Education

Seventy-eight faculty members at the University of Louisville sent a letter to President James Ramsey on Thursday, harshly criticizing him and his administration for a lack of cultural sensitivity.

The letter comes a week after a photo of Ramsey, his wife, his chief of staff, and other top university staffers dressed in sombreros, fake bushy mustaches, and other stereotypical Mexican garb appeared online.

Students and faculty protested outside Ramsey’s office late last week, and calls for a more comprehensive response from the U of L president have intensified.

In the letter, faculty members write that while they do not doubt Ramsey’s intention was innocent, his apparent failure to understand that the photo could cause Latinos and others to feel disenfranchised showed a lack of sensitivity.

“Irrespective of intent, this incident appears to demonstrate that efforts to foster and value diversity, and to achieve equity, are mere window-dressing — that the real message has simply not gotten through to those whose decisions determine the future of the university,” they wrote. “For this reason the purity of your intentions is if anything more worrisome.”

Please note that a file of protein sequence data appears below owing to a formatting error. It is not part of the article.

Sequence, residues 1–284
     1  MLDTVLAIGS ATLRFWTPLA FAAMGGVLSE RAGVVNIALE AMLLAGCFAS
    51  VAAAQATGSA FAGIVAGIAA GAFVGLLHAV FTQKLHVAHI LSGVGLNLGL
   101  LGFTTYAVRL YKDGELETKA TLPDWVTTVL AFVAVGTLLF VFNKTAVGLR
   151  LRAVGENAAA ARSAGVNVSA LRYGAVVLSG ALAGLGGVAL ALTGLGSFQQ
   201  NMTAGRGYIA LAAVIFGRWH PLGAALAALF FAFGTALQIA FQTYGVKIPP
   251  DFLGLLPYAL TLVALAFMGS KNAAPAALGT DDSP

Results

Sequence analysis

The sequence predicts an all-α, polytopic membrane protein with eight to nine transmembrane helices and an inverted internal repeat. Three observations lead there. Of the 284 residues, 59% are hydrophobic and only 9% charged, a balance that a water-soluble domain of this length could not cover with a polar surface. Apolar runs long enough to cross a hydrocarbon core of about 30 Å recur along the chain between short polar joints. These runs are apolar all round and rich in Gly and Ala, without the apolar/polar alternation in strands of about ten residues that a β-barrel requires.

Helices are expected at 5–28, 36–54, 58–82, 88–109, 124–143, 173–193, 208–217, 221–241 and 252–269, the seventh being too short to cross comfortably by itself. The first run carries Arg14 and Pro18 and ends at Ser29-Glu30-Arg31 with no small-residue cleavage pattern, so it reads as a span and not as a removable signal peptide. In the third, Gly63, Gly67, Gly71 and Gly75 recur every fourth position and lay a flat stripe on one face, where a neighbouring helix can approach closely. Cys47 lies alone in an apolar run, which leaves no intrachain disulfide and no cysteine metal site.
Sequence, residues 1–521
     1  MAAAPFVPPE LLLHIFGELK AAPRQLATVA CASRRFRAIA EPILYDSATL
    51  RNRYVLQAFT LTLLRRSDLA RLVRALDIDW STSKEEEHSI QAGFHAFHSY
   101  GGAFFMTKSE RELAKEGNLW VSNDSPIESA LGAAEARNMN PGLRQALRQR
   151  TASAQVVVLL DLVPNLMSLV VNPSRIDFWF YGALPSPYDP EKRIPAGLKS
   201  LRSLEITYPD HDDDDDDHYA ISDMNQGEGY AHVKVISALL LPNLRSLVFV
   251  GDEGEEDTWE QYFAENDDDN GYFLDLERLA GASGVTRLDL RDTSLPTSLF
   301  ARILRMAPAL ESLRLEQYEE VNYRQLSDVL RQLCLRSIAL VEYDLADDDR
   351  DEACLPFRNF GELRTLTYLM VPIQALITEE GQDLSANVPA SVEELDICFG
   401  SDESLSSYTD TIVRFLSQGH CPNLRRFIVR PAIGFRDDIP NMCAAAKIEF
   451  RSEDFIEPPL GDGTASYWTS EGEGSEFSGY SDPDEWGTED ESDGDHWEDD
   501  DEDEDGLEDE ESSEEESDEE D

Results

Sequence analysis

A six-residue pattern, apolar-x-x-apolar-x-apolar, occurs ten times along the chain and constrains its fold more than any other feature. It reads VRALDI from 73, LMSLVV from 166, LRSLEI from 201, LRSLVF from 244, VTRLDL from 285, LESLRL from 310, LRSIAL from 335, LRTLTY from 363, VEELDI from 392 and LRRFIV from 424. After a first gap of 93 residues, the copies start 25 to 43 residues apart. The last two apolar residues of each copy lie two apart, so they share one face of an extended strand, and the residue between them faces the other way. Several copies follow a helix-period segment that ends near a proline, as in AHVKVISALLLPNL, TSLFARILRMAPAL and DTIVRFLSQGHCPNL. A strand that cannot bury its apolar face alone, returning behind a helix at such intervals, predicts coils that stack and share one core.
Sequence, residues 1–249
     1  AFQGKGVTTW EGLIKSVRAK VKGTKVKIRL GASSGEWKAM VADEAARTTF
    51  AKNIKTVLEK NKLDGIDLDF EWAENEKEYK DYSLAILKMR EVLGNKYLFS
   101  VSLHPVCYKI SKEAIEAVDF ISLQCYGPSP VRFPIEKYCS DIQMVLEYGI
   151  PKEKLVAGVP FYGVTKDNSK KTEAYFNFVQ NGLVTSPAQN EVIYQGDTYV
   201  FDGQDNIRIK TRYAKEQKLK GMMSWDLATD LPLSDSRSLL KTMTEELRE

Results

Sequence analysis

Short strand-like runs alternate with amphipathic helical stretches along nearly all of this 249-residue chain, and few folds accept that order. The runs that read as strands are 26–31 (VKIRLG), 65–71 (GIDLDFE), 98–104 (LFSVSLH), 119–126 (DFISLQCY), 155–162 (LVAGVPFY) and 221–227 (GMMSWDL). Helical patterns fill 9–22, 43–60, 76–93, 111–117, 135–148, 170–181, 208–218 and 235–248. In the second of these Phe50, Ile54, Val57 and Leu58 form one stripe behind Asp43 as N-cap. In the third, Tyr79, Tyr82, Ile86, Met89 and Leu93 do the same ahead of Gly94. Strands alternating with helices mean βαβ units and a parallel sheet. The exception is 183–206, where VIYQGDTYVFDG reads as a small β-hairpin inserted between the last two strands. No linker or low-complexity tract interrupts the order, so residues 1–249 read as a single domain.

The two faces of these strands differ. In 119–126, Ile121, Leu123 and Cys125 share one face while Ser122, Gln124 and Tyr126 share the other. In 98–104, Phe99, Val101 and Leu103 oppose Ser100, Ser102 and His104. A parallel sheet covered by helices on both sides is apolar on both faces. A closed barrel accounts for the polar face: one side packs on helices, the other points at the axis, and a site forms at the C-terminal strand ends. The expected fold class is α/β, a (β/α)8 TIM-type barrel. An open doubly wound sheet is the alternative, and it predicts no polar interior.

The letter goes on to put the incident in a broader context.

“Truth be told, this latest incident is only one of a drumbeat of crises that have embarrassed the university and made many ashamed to be associated with it,” they wrote. “Years of effort — and millions of dollars spent — to painstakingly build the university’s reputation in academia and standing in the community have been overshadowed.”

One of the letter’s 78 signatures came from Kaila Story, co-host of WFPL’s Strange Fruit and U of L’s Audre Lorde Chair for race, class, gender and sexuality studies. She said the incident undermines her efforts to educate students.

“I’ve had lectures on problematic Halloween costumes,” Story said during a taping of an upcoming show. “Teaching my students that, again, a culture is not a costume.”

U of L Diversity Literacy Program Director David Owen said to address the issue, Ramsey should listen to students about why his costume is seen as offensive. Owen also signed the letter.